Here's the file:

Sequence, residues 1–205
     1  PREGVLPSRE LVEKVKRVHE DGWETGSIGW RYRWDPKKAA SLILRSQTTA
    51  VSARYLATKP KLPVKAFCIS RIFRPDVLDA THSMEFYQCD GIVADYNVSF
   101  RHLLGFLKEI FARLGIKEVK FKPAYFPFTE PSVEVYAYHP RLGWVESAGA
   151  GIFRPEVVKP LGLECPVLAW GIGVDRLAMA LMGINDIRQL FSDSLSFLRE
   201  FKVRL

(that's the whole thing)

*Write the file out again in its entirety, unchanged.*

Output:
Sequence, residues 1–205
     1  PREGVLPSRE LVEKVKRVHE DGWETGSIGW RYRWDPKKAA SLILRSQTTA
    51  VSARYLATKP KLPVKAFCIS RIFRPDVLDA THSMEFYQCD GIVADYNVSF
   101  RHLLGFLKEI FARLGIKEVK FKPAYFPFTE PSVEVYAYHP RLGWVESAGA
   151  GIFRPEVVKP LGLECPVLAW GIGVDRLAMA LMGINDIRQL FSDSLSFLRE
   201  FKVRL